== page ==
The castle (or château fort) of Lassay, built in the fifteenth century, is in a land of legends.
It was here at Lassay that St Fraimbault was buried, the saint who brought the Gospel to Maine in the sixth century, and whose life gave Chrétien de Troyes the idea for Launcelot of the Lake.
Unlike most medieval fortresses, which over the centuries have been abandoned or demolished or become
mansions, the castle of Lassay has survived with few major alterations.
As such, it is a rare example of fifteenth century military architecture which is still completely intact. Its history
is that of a strongpoint on the border of three provinces – Maine, Brittany and Normandy.
Because of its position, Lassay was besieged again and again during the English invasions of the fifteenth
century, the wars against Brittany, and during the sixteenth century wars of religion.
By the end of the seventeenth century it had ceased to have any military function, but as its owners were attached to it and lived there, it has endured until our own time.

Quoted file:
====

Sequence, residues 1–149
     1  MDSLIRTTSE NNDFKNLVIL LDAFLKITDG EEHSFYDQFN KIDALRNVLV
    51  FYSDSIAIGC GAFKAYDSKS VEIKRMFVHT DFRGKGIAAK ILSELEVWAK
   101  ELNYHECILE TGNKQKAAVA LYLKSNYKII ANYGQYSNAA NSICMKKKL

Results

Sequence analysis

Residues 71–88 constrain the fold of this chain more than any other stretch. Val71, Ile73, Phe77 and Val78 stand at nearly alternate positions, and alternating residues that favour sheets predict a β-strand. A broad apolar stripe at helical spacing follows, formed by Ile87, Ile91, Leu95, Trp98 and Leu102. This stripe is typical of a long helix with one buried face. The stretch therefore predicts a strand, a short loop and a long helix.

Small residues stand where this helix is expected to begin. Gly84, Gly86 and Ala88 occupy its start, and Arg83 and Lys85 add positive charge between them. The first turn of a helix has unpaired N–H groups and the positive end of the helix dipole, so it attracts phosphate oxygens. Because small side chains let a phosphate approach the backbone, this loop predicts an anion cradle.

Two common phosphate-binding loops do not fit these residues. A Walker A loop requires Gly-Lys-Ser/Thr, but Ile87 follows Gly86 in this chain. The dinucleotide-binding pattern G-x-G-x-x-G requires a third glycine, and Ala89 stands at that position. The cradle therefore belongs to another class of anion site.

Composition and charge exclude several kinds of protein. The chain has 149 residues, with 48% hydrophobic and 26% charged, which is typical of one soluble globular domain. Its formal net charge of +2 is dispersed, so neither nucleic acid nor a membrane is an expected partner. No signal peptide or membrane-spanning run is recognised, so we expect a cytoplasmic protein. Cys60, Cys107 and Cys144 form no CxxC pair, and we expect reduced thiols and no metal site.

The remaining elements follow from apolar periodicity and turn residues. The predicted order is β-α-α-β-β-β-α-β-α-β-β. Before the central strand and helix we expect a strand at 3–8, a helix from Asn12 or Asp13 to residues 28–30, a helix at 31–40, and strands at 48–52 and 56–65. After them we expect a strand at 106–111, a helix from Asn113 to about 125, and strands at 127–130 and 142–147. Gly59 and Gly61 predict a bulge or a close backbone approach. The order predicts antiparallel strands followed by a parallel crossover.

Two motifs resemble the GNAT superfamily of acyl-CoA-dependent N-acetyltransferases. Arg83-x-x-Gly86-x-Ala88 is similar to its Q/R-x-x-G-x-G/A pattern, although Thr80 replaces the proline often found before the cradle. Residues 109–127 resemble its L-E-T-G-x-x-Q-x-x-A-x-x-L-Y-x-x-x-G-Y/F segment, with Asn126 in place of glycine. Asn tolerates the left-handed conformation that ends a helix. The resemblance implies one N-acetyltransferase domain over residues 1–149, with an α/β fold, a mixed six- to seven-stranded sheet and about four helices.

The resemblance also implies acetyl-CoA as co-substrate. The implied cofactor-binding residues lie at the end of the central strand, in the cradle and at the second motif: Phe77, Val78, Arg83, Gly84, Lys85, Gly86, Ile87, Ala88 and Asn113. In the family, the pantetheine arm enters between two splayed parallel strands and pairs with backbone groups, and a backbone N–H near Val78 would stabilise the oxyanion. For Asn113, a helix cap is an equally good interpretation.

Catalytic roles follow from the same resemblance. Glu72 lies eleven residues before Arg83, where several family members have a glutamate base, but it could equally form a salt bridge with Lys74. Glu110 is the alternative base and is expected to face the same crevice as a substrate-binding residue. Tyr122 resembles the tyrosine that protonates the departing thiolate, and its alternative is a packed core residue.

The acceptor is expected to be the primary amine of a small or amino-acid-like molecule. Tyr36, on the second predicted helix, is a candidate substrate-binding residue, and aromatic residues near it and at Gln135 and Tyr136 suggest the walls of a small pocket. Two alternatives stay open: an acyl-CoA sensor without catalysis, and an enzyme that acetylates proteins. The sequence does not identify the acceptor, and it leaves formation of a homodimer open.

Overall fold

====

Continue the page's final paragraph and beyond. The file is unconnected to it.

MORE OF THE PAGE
Its striking outline against the horizon, eight towers, curtain wall and barbican, always stays in the memory of those who see it – Victor Hugo was so impressed that he drew a famous sketch.
On a conducted tour, you will see how a military garrison lived in the fifteenth century. The guide will also show you furnished rooms – a dining room, a bedroom, an armoury and a kitchen which has a curious old granite stove and a fine collection of ancient copper utensils.
A walk in the unusually atmospheric park completes the visit.
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